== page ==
The dunes of White Sands Missile Range are shaking with the sound of jet engines and artillery this week as the range hosts Bold Quest 14.2.
Bold Quest, is a US Joint Staff sponsored event focused on developing, demonstrating and analyzing coalition operations. The goal of the operation on WSMR is to improve the ability for coalition forces to work better together, including countries like Italy, Germany, the United Kingdom, and other allied nations. “We are excited to be a host to the Bold Quest forces because this is a great test of interoperability between the US and our Allied coalition partners,” said Maj. Gen Gwen Bingham, commander of White Sands Missile Range.
In addition to the active participants, Bold Quest is also host to a number of observers from nations who were not able to directly participate, but wanted to gain information for future operations and exercises they might take part in. Bold Quest is a regularly held event expected to be held twice a year in the future, though the locations change regularly.
As a large scale joint operation, Bold Quest’s focus while at WSMR will be: sharing information, like the tracking of friendly forces, ground-to-air communications and digitally aided close air support, integrated air and missile defense, and joint fires; the ability for different nations to provide artillery and close air support to each other. To run these operations Soldiers, Sailors, Airmen and Marines are working directly with their multinational partners to conduct a series of missions, both live-fire and simulated, to gain experience working as a team, and test new technologies they may be able to use in the future.
WSMR works well as a location for activities like Bold Quest due to its size and airspace. “We can replicate and simulate almost any environment that a Solider, Airman, Marine, Coastguardsman, and our allied forces could find (themselves) in,” Bingham said. WSMR has a long history of testing airborne systems, both missiles and aircraft, giving the Bold Quest mission elements the ability to conduct operations like live-fires and bombing missions as they test and train on those capabilities.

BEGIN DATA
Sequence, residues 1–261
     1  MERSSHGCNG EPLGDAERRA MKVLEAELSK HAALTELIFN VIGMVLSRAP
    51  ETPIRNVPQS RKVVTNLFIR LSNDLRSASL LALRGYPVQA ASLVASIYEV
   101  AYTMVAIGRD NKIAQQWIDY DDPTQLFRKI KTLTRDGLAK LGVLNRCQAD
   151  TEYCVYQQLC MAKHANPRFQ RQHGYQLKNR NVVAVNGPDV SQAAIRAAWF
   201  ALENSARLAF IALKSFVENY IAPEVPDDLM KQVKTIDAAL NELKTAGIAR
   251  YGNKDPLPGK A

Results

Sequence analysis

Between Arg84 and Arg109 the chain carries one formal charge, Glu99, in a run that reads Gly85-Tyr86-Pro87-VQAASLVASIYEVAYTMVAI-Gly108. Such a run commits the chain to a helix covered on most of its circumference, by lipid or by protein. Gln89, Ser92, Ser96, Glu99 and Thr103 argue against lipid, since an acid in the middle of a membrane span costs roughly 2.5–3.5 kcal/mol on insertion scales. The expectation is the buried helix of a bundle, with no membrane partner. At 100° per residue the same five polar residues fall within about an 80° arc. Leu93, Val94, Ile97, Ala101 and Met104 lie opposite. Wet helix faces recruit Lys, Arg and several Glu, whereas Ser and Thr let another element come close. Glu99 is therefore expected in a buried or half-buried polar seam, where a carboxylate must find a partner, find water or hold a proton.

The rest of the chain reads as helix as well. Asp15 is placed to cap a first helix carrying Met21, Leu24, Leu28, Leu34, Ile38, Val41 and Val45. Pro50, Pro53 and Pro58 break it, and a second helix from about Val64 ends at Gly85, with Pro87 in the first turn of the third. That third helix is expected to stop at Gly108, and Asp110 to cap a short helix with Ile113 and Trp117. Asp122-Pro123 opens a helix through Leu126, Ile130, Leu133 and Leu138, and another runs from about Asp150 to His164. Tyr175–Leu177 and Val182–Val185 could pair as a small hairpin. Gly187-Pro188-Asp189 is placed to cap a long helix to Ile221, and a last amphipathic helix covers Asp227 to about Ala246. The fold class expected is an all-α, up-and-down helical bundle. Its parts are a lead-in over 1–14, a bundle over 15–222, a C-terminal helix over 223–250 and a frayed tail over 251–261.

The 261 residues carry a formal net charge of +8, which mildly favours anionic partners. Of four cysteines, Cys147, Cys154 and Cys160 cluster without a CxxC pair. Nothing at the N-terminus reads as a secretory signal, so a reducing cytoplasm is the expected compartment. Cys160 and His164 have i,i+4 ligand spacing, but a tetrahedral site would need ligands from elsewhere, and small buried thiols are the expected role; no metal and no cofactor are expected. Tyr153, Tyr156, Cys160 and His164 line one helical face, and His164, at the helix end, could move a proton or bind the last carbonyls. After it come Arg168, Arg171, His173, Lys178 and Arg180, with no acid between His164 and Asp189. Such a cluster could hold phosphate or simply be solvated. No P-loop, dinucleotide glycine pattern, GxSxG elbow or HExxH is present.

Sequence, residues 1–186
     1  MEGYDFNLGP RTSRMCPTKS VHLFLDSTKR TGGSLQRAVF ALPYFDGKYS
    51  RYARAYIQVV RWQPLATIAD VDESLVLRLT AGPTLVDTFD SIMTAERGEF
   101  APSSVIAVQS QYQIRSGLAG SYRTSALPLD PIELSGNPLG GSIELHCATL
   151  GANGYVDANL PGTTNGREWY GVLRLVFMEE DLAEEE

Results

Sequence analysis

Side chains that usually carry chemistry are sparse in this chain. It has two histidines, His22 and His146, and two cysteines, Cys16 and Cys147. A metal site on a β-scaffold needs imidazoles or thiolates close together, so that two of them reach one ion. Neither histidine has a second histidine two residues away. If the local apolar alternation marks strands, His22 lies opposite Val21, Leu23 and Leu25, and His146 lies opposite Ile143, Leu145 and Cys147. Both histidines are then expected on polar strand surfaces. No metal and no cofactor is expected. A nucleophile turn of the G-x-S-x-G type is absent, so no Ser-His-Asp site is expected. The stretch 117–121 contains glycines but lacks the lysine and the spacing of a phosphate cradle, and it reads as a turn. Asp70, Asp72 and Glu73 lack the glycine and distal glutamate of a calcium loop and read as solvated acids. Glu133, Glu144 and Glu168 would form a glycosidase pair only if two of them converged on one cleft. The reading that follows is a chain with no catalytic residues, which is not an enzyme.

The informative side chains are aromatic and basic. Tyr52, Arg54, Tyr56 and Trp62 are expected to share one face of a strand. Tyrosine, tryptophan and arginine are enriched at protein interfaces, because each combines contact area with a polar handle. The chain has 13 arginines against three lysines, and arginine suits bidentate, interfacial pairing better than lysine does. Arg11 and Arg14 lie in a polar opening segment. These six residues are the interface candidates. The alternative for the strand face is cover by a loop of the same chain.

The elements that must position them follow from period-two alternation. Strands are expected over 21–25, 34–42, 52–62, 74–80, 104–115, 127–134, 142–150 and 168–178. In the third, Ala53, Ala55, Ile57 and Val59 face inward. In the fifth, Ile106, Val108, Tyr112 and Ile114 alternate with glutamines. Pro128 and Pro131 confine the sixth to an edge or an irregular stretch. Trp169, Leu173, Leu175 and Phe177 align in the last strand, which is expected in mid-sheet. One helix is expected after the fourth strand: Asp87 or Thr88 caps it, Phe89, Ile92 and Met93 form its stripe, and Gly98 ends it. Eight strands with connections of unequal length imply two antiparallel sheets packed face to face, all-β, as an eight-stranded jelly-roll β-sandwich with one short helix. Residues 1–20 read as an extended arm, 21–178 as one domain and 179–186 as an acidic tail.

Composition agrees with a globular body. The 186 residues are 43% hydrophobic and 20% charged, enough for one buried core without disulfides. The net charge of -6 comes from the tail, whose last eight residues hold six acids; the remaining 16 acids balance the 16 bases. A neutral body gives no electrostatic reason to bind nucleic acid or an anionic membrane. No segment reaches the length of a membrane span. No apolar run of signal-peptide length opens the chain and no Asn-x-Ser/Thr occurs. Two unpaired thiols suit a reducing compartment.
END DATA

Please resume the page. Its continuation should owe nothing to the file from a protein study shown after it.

In addition to activities on WSMR, many components of Bold Quest are also reaching out to WSMR’s partners on Holloman Air Force Base, and Fort Bliss. Furthermore distributed collaboration is also being used to leverage other locations and facilities, both real and virtual. This distributed method allows units as far away as Indiana or Florida to conduct missions and digitally synchronize their actions with those on the ground at WSMR, as if they were operating in the same place. Additionally, entirely-digital forces can take part as well, using the same methods, allowing a larger and more complex operation to be simulated, while smaller real world units conduct operations on the ground.
Unlike previous Bold Quests, this one also is seeing integration with the Network Integration Evaluation event that has been taking place on WSMR and Fort Bliss twice a year. The NIE, which puts units in the field to test new technologies that leverage networked systems, is helping to create savings while improving the testing. By using both NIE forces to conduct mission support, and the opposing force to test new technologies, Bold Quest is conducting additional test and training missions at a lower combined cost.
At this time it has not been decided if Bold Quest will return in a future iteration.